21-year-old Reilly Opelka of US ousts Wawrinka at Wimbledon

21-year-old Reilly Opelka of US ousts Wawrinka at Wimbledon

Updated Mar. 4, 2020 8:34 p.m. ET

WIMBLEDON, England (AP) — Reilly Opelka still is getting used to some aspects of visiting Britain.

The bed frame where he stayed during a Wimbledon tuneup tournament that wasn't quite big enough for the 6-foot-11 (2.11-meter) American, for example. The lack of air conditioning compared to back home in Florida. As for the grass-court tennis? Opelka is increasingly comfortable with that, as demonstrated by a 7-5, 3-6, 4-6, 6-4, 8-6 second-round victory over three-time major champion Stan Wawrinka at the All England Club on Wednesday.

"Every year I come here, and, like, 'Why is there no AC?' They're, like, 'Oh, it's never hot here.' Every year, it's over 80 degrees!" Opelka said.

He is ranked 63rd and is unseeded for his main-draw debut at Wimbledon, where he won the 2015 junior title.


But against a far-more experienced and far-more accomplished player, he pounded eight of his 23 aces and saved both break points he faced in the last set, fending off 10 of Wawrinka's 12 break chances in all. At 6-all in the fifth, Opelka erased a break chance with a 140 mph service winner, then followed with two more serves Wawrinka failed to put in play, at 133 mph and 137 mph.

It was Opelka's ability to adjust his style, serve-and-volleying only three times in the final set, and to hang in there on longer exchanges that made this upset possible.

"I've always been a pretty good mover. Underrated, actually," said the 21-year-old Opelka, participating in only his fourth major tournament. "I think sometimes when I play guys for the first time, they don't expect it. It helps me win so many points, being able to (track) down some extra balls, especially in the key moments."

It was the 22nd-seeded Wawrinka's groundstrokes who failed him, with four errors that helped Opelka earn the only service break of the fifth set in the last game. When it ended, Opelka yelled, "Come on!" and then pounded his chest.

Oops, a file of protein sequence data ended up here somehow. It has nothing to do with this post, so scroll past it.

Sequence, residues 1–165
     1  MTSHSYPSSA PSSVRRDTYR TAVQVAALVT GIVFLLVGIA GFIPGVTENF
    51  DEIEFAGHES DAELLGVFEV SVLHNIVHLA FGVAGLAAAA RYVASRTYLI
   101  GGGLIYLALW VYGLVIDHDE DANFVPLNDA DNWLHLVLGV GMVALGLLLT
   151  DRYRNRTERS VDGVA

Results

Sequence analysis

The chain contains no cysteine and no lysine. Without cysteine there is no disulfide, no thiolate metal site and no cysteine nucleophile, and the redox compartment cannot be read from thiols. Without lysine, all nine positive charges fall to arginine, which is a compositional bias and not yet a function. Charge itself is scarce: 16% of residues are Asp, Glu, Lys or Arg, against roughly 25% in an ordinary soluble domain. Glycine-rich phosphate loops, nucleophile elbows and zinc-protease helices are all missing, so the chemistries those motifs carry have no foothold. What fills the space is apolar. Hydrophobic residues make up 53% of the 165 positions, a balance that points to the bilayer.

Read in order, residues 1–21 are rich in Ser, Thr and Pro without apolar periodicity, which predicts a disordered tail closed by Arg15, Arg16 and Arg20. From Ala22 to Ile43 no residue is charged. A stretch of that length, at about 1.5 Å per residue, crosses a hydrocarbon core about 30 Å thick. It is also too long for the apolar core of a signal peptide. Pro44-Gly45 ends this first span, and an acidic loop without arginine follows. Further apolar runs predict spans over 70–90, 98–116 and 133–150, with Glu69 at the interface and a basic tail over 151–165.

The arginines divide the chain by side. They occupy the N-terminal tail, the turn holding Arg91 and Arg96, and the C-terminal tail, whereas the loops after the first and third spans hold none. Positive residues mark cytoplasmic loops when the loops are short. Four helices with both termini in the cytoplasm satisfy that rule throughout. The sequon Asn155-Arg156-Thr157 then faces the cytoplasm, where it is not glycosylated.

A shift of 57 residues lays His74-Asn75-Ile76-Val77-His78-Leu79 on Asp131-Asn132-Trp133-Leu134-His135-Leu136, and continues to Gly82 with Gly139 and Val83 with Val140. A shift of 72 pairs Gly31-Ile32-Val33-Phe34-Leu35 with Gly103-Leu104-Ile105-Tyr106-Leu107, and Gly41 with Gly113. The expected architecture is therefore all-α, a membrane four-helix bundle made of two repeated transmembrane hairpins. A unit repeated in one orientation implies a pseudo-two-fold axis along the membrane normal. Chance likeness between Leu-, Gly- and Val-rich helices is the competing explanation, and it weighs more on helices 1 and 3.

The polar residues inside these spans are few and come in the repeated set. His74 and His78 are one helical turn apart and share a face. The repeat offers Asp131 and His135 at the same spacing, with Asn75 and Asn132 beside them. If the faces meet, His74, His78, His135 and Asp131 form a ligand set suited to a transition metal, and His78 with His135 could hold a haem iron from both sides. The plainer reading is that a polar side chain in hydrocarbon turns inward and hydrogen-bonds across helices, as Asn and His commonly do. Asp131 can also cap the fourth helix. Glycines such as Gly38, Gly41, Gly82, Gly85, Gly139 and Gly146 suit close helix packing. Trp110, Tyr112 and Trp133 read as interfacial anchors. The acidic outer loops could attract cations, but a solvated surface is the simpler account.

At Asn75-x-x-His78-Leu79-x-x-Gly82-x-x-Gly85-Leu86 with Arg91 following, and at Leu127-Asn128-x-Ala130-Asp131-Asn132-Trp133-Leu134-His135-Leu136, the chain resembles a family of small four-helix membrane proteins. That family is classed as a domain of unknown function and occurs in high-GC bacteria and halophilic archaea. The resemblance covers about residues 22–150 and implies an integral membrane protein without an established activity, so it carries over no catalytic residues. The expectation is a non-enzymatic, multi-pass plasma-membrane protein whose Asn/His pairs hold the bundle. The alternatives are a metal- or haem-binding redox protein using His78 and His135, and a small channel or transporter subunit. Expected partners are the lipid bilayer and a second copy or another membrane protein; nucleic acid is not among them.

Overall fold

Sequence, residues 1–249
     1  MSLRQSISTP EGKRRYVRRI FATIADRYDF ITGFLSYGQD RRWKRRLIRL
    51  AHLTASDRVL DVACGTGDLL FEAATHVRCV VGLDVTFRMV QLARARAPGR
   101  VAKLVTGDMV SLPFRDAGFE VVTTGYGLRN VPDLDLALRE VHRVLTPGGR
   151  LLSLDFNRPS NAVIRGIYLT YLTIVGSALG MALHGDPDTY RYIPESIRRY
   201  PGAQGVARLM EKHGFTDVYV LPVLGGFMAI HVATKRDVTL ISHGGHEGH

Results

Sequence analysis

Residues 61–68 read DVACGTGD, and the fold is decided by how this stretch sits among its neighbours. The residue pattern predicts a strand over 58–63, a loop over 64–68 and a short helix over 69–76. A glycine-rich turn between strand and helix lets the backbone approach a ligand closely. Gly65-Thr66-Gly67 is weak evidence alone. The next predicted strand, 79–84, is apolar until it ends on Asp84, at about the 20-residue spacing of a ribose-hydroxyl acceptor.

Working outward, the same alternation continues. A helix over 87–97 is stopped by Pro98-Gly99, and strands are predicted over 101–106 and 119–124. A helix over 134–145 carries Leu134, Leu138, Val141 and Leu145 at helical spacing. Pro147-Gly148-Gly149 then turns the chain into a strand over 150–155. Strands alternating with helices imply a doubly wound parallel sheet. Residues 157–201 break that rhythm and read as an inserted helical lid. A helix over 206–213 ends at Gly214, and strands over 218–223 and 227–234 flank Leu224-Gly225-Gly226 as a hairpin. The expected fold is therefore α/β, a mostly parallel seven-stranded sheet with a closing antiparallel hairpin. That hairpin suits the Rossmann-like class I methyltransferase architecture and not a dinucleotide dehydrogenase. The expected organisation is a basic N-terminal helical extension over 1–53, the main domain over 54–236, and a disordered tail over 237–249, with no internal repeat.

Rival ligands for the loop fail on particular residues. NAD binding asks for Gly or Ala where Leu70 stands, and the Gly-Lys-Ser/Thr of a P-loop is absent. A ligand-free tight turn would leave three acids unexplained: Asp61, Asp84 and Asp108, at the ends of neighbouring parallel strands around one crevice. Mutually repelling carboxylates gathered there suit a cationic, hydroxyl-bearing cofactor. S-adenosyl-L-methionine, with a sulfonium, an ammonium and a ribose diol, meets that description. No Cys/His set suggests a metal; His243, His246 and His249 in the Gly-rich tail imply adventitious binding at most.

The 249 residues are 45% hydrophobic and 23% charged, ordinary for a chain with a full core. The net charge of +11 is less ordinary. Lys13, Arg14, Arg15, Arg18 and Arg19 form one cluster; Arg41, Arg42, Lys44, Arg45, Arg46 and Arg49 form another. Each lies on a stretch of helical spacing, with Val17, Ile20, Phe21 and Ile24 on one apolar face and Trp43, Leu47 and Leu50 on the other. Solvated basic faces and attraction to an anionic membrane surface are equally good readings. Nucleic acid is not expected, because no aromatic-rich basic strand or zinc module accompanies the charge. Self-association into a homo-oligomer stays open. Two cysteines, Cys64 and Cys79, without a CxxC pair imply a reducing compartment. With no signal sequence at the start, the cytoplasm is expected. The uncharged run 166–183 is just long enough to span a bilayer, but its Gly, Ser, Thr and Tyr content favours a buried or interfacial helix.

"At the end, he went for it," Wawrinka said. "He went bigger than me, and he deserved to win."

So maybe it's time for Opelka to stop downplaying his chances this fortnight.

Before facing Wawrinka, Opelka called it a "brutal matchup."

Afterward, Opelka referred to Wawrinka as "the main attraction."

On Friday, in his first appearance in third round of any Grand Slam tournament, Opelka will face someone else he labeled "the favorite" — 2016 Wimbledon runner-up Milos Raonic, who is seeded 15th.

"He's as good as it gets when it comes to grass, so really, really excited for that matchup," Opelka said. "It's going to be a really big challenge playing a guy as good as he is on this surface."

The same could be said of Opelka right now.

"He plays aggressive. He goes for it. He tries to keep you off-balance. He's hard to get a rhythm on, because not only does he finish things off pretty quickly with his serve and getting ahead that way, but he's constantly swinging for his other shots," said Raonic, who entered Wimbledon dealing with a lingering back issue and had some issues with his left calf during Wednesday's straight-set win over Robin Haase. "He doesn't really hold back. It's hard to sort of work yourself into the points."


As it is, the All England Club was concerned about keeping British star Andy Murray away from crowds around the grounds on his way to and from his first men's doubles match with partner Pierre-Hugues Herbert, which will be Thursday on an as-yet-unannounced court.

Imagine what sort of rush there will be to try to catch a glimpse of Murray and his mixed doubles partner, Serena Williams.

"Hope they put them on Centre Court," 2018 French Open champion Simona Halep said, "because everyone is going to watch it."

In Wednesday's draw for mixed doubles, Williams and Murray were picked to face Andreas Mies of Germany and Alexa Guarachi of Chile in the first round.

Williams, who owns 23 Grand Slam singles titles, and Murray, who owns three, are as high-profile a team as could be.

He is limited to playing doubles at the moment as he returns from an operation for a hip replacement.

"I mean, good luck to everybody else," two-time Australian Open champion Victoria Azarenka said. "It's going to be a tough, tough, tough one to beat. They both take it seriously. But I feel like it's going to be just a pleasure for people to watch. It's going to be historic. So I'll be definitely watching, as well."


A pair of former No. 1s will match up in the third round Friday when Simona Halep and Victoria Azarenka face each other for the fifth time. Each has won two of the previous meetings.

Azarenka, who is ranked 40th, had quite a busy Wednesday. She dropped the opening two games of her singles match against Ajla Tomljanovic, before taking 12 games in a row for a 6-2, 6-0 victory. Then she and Ash Barty, the current No. 1 in singles, went out and won their first-round match in women's doubles.

Halep, the No. 7 seed, got past Mihaela Buzarnescu 6-3, 4-6, 6-2 in an all-Romanian match.

What will determine how she fares against Azarenka?

"The key," Halep said, "is the mental part."


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